9/11/2019
Dear Maestro Ryan

Dear Maestro Ryan,

Let me begin by congratulating you for being honored with the Ramon Magsaysay Award this year. In these times when fan-driven frenzy drives what's popular and what isn't, it's easy to forget all of the things you, and your contemporaries, have done to push all of Filipino music forward, not just in the 1970s and 1980s, but even up to now. I think it's a really good reminder.

When you received your award earlier today, you expressed your sadness that "there is no Filipino music out there". Now, here, sir, I'm not sure if I agree with that.

As I write this letter, several new Filipino acts are preparing to perform in major music festivals in Southeast Asia. A bunch of acts - Kiana Valenciano, Keiko Necesario, One Click Straight, among others - are flying in a few days to Singapore for Music Matters. Ben & Ben are headed to Hong Kong this November for Clockenflap, the same music festival where Cheats performed a couple of years back. And this has been going on for the past few years, with several acts on the alternative side of things finding audiences in Taiwan, Thailand and Japan, to name a few.

Have you heard of No Rome? He started his career here, in the fringes, before flying to London and becoming a darling of the pop underground. Tonight he's returning home to perform alongside the 1975, whose vocalist, Matt Healy, took him in.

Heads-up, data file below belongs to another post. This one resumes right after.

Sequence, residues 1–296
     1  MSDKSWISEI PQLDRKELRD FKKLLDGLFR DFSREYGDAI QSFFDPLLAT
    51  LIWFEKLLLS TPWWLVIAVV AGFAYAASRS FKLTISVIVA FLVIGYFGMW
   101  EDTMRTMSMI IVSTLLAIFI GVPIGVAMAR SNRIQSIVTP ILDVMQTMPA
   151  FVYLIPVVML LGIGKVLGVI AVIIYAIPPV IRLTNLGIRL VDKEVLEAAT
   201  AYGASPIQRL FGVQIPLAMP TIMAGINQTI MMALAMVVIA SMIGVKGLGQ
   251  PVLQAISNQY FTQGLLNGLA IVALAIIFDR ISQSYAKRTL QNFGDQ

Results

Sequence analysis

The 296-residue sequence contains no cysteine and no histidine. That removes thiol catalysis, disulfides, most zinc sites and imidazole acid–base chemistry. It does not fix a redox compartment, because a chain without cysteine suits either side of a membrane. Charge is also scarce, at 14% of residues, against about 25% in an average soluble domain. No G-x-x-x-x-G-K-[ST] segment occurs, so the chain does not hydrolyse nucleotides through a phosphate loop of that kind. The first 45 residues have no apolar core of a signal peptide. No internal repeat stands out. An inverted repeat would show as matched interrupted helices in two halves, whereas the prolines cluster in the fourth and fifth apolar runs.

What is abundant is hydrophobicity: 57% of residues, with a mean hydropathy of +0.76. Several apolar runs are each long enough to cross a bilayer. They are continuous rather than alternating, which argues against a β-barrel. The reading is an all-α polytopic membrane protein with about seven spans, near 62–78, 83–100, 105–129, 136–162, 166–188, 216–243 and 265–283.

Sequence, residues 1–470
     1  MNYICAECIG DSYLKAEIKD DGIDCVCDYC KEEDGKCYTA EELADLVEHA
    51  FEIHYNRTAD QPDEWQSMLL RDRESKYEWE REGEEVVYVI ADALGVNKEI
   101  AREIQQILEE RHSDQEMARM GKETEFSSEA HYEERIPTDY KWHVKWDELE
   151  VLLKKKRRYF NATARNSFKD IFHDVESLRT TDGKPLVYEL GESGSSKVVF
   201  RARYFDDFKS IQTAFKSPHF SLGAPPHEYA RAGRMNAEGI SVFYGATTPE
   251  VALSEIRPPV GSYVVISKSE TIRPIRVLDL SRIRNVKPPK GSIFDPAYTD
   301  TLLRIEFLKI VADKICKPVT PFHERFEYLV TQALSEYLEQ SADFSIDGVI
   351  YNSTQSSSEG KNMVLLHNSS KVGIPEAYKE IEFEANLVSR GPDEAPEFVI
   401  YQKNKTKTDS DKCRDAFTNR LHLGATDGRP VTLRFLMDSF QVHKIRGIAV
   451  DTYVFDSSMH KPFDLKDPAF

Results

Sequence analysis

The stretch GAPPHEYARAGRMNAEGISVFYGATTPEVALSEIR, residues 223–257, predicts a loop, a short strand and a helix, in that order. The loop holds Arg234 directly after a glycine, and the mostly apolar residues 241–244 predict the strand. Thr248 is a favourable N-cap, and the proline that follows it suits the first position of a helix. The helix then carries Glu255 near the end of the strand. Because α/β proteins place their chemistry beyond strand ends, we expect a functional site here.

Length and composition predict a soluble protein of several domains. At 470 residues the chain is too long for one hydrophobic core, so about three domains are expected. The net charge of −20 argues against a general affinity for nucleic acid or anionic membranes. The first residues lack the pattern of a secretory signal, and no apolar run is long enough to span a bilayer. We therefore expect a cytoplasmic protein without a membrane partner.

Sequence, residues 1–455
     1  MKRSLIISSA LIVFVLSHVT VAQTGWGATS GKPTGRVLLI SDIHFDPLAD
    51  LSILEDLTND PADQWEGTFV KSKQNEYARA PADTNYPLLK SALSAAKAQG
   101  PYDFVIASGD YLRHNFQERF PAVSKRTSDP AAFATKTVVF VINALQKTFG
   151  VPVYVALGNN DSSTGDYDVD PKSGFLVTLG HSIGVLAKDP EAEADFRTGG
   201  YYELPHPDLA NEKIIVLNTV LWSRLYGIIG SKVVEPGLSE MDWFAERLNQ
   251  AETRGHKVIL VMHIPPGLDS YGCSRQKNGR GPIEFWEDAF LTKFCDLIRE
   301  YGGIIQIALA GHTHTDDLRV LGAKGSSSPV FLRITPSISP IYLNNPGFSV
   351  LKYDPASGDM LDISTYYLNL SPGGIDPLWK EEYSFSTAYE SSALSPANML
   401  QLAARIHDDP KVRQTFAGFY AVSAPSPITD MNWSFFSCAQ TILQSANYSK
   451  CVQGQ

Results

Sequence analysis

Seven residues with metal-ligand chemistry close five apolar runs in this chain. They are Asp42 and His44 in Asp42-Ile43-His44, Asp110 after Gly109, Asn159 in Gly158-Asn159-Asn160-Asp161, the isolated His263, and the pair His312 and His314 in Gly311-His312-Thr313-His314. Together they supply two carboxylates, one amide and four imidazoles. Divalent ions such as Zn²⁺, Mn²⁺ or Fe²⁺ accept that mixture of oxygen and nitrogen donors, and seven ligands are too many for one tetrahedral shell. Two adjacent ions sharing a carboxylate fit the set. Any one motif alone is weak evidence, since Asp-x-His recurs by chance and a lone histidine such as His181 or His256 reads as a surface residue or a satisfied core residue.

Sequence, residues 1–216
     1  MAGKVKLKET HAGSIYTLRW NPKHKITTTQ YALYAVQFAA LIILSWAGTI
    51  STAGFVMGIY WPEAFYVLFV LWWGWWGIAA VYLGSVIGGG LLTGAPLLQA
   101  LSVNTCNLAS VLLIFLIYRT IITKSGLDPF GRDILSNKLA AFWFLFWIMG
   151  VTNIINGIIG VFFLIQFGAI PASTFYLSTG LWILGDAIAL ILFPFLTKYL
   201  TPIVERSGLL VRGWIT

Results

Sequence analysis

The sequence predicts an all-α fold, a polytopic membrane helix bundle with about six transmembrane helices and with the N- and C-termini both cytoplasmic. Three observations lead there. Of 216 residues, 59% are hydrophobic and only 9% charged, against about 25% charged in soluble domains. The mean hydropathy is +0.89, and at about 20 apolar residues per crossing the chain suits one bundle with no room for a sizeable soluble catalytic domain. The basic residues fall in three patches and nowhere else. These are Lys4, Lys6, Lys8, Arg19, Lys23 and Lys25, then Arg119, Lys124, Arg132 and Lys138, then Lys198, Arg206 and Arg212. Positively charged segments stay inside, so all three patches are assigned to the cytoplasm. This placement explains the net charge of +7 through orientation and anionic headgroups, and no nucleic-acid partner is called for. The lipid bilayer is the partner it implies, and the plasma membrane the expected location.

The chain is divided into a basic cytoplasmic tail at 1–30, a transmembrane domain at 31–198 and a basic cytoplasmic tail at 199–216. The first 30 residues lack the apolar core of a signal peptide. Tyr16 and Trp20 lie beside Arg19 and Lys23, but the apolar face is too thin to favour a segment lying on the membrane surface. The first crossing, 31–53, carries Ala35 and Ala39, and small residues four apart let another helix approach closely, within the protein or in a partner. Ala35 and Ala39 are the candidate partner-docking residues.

That very pop underground's also getting into a bunch of artists with Filipino ancestry, if we're willing to expand our definition that widely. Jay Som, based in Los Angeles and born to Filipino immigrants, just released her third record, Anak Ko, a few weeks back. And then there's Beabadoobee, who was born here before moving to London at age 3, and has incidentally signed with the same record label as No Rome. I think she'll explode a little bit soon.

Sure, that's all on the alternative side. But then, Christian Bautista remains relatively popular in Indonesia. In South Korea, home of some of the world's most exciting pop acts, there's this group called SB19, made up entirely of Filipino members - sure, I think it's a cynical ploy to get support from this country, but it still counts for something. And then there's the giant that is Lea Salonga. It may have been a while since she performed on the stages of Broadway or the West End, but people still look back fondly at what she's done, and her concerts around the world are not exclusively Filipino affairs.

All that said, I'm also not sure if I disagree with you, Maestro. You cited Freddie Aguilar's "Anak". I wasn't around when that song was first released, but I know how much of a success it was: translated into various languages, shifted many copies around the world. That arguably remains the only example of Filipino music truly making a dent beyond its borders. But then, times have changed. Back in the 1970s it was difficult for us to listen to songs from outside our borders, especially those that don't get played on the radio. Now, everybody's on Spotify, and they can stumble upon musicians from all over the world in a few taps. Or, if they want to stick to radio, all the radio stations in the world are also within reach. That's how I found myself in the slightly awkward situation of explaining to someone why I'm excited that Kiwi band the Beths are coming to Singapore. It's helped me a lot when I still had a music blog.